NGAFUAN: Let me tell you this. The former boss has been very aware of my political life and my political future. Long before – the are certain things I will not diverge to you now but nothing about where I’m going should be a surprise to my former boss -Years ago.
FRONTPAGEAFRICA: But will she support your candidacy?
NGAFUAN: Support to my candidacy, non-support to my candidacy is hers’ to decide but I’m saying this that I’m in the process, the votes will be those of the Liberian people, my former boss is one of those, I will definitely want her support but it is her decision to decide and nobody is going to squeeze her this way or that way. Just as she knows that I am a free political agent. I make my decisions, I think she is a free political agent, she will make her decision.
FRONTPAGEAFRICA: There’s been a lot of talk about betrayal. A lot Unity Party supporters say the President give you the platform and made you who you are and has thrown her weight behind her vice President Joseph Boakai but it appears you want to crash that party by challenging him. Why?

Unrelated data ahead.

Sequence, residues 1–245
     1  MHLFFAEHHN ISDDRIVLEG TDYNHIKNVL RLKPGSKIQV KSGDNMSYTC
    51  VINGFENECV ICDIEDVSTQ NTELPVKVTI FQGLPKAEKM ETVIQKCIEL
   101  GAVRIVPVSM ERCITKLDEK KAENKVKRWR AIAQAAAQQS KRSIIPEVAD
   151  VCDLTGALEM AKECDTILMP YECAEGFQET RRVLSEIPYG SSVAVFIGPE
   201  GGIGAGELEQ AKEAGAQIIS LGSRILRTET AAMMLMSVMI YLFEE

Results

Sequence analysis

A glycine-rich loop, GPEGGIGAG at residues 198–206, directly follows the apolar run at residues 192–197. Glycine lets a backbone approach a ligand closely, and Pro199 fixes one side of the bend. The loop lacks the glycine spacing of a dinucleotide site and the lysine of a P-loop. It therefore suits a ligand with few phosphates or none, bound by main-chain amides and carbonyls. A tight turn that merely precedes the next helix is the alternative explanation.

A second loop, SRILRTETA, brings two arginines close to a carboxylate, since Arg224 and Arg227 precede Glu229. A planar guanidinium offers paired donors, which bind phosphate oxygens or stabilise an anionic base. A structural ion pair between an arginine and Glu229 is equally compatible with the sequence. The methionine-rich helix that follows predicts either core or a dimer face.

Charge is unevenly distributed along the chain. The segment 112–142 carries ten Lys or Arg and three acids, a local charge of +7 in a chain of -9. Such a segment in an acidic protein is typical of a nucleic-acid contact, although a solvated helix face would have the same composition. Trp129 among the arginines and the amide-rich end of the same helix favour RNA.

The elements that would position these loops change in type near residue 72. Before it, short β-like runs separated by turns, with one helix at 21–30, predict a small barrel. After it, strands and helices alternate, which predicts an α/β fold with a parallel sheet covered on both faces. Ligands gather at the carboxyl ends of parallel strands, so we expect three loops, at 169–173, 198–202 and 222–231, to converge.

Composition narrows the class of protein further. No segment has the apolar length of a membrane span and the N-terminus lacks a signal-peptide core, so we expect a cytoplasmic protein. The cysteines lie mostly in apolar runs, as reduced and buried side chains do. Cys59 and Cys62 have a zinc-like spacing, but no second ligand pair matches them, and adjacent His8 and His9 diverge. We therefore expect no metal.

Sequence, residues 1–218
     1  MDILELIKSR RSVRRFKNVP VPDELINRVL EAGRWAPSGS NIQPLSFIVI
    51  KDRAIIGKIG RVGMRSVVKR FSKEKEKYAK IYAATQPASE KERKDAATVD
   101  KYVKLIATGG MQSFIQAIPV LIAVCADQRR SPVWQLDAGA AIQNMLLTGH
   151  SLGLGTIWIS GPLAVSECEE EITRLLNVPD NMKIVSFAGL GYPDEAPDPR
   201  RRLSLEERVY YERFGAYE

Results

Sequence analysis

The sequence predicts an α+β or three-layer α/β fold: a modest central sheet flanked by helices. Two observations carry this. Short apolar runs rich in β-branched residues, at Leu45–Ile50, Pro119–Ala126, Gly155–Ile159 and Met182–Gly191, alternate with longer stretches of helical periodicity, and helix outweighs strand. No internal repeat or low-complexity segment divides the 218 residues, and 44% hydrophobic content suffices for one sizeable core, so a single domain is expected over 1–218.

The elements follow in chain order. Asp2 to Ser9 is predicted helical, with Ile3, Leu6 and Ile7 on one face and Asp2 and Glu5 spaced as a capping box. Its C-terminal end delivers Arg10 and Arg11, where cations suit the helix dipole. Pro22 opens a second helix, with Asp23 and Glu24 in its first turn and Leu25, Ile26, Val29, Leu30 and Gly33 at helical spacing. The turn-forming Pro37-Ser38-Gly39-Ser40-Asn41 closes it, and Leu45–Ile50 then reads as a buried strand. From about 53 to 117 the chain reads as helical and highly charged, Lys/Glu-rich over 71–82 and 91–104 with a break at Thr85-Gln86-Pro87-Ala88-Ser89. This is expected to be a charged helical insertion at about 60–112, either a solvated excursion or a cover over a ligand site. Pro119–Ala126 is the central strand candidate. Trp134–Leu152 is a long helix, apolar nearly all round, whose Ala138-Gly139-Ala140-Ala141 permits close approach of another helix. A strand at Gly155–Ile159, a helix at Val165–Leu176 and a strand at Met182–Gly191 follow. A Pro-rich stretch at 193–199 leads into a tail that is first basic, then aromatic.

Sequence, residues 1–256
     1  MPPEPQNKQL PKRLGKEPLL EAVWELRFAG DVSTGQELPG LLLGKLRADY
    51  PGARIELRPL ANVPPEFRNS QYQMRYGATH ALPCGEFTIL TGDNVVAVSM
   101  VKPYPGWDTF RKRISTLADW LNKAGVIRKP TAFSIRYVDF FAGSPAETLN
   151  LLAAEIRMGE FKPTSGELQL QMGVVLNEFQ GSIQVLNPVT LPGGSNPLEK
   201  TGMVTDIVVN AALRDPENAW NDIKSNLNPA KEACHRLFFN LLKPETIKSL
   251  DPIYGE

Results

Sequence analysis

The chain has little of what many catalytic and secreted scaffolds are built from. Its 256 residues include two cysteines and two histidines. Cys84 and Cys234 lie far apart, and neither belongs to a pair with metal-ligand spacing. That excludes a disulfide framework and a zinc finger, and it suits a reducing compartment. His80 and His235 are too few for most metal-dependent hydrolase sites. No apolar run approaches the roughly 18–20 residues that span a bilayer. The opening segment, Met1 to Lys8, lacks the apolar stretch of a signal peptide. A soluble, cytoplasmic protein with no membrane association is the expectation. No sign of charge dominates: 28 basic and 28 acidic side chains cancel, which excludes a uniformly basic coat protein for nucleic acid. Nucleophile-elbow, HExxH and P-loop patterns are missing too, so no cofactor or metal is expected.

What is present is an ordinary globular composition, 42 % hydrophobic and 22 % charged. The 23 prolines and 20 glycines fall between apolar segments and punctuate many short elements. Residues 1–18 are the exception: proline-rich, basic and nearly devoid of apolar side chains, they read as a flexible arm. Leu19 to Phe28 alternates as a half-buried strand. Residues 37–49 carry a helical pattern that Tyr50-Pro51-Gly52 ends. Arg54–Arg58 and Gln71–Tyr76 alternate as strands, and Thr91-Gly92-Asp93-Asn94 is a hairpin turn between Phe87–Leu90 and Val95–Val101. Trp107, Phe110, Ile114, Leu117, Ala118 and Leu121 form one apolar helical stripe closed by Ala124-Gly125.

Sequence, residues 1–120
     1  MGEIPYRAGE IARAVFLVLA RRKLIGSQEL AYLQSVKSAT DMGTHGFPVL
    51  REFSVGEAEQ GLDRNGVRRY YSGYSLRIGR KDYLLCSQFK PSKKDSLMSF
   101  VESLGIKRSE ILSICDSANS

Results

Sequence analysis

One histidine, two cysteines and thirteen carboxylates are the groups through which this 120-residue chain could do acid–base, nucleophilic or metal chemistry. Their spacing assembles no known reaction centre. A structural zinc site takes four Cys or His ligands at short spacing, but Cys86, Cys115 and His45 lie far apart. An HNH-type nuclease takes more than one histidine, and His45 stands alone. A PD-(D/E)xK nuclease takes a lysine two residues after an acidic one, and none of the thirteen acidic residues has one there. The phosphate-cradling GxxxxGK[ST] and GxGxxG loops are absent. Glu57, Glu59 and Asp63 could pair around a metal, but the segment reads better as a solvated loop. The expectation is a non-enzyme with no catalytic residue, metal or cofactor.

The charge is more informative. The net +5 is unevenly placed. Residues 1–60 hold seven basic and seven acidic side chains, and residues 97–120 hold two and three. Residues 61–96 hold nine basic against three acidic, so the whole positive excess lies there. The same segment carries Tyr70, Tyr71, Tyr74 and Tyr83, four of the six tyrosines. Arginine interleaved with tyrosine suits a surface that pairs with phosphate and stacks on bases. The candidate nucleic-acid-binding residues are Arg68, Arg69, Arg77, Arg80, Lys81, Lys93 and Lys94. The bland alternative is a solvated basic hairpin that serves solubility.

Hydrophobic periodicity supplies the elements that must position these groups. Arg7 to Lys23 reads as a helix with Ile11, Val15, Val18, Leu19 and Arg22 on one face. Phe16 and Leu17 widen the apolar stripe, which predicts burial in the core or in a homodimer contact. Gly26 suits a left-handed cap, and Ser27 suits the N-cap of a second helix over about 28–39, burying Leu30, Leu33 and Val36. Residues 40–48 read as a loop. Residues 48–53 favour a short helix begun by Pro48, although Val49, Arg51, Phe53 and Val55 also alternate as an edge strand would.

NGAFUAN: Let’s be clear…Let’s be clear. My relationship with madam Sirleaf has not been a lopsided relationship where someone has been leeching on the other. It has been a relationship of mutual respect, and technically mutual benefit - When Madam Sirleaf and a lot of leaders and other actors could not come back to this country because President Taylor had charged them with treason. In 1998, I don’t’ hate Taylor; in fact one or two of his family are friends of mine. The burden of advocating for this country rested on our young shoulders. And I, people remember this, in 1998, within the presence of Taylor, raised some very, very teething issues with the President: One, with the quote-on-quote crafting of Vision 2024 and I asked Taylor some very pointed questions as to where we stood on the question of reconciliation, asking about where was Prince Johnson, Alhaji Kromah, Roosevelt Johnson, Ellen Johnson-Sirleaf and others. After that, for three weeks I had to go underground in this town. It was a risky thing to do. After that Madam Sirleaf asked me to assist her as a member of the board of her NGO in 1999.